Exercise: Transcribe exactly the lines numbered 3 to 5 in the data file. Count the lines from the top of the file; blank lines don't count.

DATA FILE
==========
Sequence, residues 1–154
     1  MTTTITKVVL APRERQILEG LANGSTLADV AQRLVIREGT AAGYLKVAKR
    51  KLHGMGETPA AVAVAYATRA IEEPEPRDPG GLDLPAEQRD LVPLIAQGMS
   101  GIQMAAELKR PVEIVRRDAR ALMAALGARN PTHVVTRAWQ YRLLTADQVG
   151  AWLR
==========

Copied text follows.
    51  KLHGMGETPA AVAVAYATRA IEEPEPRDPG GLDLPAEQRD LVPLIAQGMS
   101  GIQMAAELKR PVEIVRRDAR ALMAALGARN PTHVVTRAWQ YRLLTADQVG
   151  AWLR